Joe Berridge

Joe Berridge is an urban planner and city builder who has had an integral role in the development of complex urban planning and regeneration projects in Canada, the U.S., the U.K., Europe and Asia. He has been strategic advisor for the development of the city centres of Manchester, Belfast and Cardiff and for the waterfronts of Toronto, Singapore, Sydney, Cork, London and Governors Island in New York City. He has prepared campus master plans for the University of Manchester and Waterloo, Queen’s and Western in Canada and is now planning the new hub for Toronto Pearson International Airport. Joe teaches at the University of Toronto and is a Senior Fellow at the Munk School of Global Affairs and Public Policy. 

Ross Farris

Ross has been advising municipalities, institutions and private developers at both the building and community scale across North America for the last 10 years. He brings a multifaceted perspective with sustainability consulting, mechanical and energy engineering, architectural and construction experience. Ross works with clients and project teams to integrate all aspects of the development from every project onset to ensure issues are identified early, and holistic solutions are derived to mitigate cost and schedule impacts. “My goal is to drive down every project’s environmental footprint while creating a built environment that better serves the whole community – in a cost effective and timely manner.” Ross holds a Master of Architecture degree and a Bachelor of Science in Architectural Engineering degree with an emphasis in Building Environmental Systems, both from the University of Kansas. He is a registered mechanical engineer in the State of California and an ASHRAE Certified Building Energy Modeling Professional.

Rodney Wilts

As comfortable in a canoe as in a boardroom, Rodney has dedicated his career to leveraging market solutions to enhancing health, wellness and sustainability. Rodney started his career as an environmental lawyer, founded Canada’s first green building supply centre, and led the master planning of Zibi (an endorsed One Planet Community). When not crafting compelling visions for highly innovative mixed-use developments, Rodney can be found with his wife, daughter and dog paddling wilderness rivers in Quebec or skiing backcountry routes in fresh powder.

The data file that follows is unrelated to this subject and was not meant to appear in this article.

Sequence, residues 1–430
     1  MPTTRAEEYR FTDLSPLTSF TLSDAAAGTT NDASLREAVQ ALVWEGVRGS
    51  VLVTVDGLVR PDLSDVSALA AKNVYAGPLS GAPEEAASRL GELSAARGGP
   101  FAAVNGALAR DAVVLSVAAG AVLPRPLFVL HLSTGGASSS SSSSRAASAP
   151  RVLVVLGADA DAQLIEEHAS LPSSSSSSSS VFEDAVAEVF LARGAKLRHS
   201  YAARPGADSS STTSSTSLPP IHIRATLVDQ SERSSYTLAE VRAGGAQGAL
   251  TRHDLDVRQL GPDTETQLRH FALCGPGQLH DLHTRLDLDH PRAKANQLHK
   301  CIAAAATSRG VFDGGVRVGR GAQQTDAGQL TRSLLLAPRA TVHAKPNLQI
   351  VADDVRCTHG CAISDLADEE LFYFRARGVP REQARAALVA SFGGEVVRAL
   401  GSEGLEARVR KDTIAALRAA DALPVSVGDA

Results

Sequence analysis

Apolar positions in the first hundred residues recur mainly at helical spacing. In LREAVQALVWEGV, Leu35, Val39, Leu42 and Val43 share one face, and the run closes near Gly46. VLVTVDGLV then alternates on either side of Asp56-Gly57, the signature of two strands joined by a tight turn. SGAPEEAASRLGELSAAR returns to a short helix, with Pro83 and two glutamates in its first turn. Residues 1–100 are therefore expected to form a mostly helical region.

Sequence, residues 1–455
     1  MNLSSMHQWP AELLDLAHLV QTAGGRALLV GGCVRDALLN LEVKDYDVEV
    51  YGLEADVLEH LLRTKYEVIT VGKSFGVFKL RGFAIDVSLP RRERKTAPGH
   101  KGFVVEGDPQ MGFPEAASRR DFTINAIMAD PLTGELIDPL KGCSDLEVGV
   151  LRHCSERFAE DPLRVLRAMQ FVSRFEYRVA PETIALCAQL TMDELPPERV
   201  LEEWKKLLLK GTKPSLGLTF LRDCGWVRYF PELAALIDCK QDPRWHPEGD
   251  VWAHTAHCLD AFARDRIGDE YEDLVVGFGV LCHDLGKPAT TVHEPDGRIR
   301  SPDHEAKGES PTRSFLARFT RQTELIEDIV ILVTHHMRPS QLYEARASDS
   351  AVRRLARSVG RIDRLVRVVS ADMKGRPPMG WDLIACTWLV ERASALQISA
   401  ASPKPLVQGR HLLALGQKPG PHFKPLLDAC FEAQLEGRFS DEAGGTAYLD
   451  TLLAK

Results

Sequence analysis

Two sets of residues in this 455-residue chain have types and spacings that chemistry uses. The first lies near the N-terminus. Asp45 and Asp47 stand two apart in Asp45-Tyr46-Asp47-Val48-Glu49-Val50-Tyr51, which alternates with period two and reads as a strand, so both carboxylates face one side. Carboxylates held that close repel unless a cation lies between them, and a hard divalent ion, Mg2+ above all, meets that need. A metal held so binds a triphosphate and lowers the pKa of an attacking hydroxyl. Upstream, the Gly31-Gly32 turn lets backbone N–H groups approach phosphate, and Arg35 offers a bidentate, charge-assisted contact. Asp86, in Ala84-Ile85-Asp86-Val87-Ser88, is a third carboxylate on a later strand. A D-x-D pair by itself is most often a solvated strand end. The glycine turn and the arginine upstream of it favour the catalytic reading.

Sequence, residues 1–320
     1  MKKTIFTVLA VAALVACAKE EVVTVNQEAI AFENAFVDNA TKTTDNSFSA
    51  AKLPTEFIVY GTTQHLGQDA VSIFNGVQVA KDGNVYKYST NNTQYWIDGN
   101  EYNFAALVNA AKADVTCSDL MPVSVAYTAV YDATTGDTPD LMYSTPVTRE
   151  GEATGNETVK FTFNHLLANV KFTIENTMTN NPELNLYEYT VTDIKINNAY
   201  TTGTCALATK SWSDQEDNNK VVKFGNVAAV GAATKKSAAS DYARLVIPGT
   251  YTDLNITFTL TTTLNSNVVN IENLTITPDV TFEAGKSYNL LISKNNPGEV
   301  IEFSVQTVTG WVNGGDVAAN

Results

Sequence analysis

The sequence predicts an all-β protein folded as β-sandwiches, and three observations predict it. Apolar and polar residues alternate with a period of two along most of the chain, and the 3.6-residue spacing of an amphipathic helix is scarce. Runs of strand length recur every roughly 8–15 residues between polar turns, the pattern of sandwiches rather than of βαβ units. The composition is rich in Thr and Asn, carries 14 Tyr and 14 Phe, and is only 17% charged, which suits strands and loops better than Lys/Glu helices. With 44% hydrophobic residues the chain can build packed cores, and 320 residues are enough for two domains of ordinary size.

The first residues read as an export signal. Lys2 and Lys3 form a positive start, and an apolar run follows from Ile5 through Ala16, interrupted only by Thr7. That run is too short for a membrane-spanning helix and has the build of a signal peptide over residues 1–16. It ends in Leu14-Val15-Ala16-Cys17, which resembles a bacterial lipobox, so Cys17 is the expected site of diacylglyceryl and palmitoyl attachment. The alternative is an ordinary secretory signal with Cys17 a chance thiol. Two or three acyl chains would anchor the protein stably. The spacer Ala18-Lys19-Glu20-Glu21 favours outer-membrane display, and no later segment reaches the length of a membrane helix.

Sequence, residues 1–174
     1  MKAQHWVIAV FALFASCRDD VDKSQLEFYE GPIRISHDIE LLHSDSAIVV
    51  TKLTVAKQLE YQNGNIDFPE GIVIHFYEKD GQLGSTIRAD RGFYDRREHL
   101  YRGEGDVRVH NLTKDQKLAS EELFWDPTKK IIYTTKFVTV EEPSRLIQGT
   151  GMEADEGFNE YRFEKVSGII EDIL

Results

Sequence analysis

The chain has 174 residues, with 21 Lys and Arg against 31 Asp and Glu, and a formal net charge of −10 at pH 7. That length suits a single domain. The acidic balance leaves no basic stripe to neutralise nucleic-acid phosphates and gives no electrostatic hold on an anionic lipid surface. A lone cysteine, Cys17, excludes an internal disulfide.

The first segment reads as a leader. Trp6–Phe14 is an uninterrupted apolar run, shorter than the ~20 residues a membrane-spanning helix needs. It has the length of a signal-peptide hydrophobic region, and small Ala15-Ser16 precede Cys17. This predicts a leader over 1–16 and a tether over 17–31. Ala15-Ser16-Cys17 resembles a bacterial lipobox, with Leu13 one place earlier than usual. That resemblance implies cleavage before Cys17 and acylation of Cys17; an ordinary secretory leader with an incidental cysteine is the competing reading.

Vikram Bhatt

Vikram Bhatt, MRAIC, is a Professor of Architecture, McGill University, where he teaches courses in urban design and housing. Born and raised in India, Bhatt graduated from the prestigious Ahmedabad School of Architecture, Centre for Environmental Planning and Technology (CEPT University) in 1973. During and after completing his professional studies he worked for the renowned architect Balkrishna Doshi. He obtained his Masters of Architecture from McGill University in 1975. Following his graduation, he joined the research team of the Minimum Cost Housing Group (MCHG, then under the direction of Professor Witold Rybczynski), an educational and research unit of the McGill University School of Architecture. After, briefly from 1977-78, working for the International Development Research Centre he rejoined the School of Architecture at McGill, where since 1988, he has also led the MCHG activities focusing attention on the shelter problems of poor. He has done extensive research in the field of human settlements planning, urban design, housing and urban agriculture. More specifically, his human settlements research deals with the issue of where and how people live interactively via the creative engagement of designers in the process. Currently, he is working on the question of food security and urban sustainability both in North America and abroad, particularly in informal housing in developing countries. The series of his action-design projects related to the “Edible Landscapes” assimilate urban agriculture (UA) in cities, neighbourhoods and communities, which requires including, or better still sustainably integrating, food systems within urban structures and urban designs.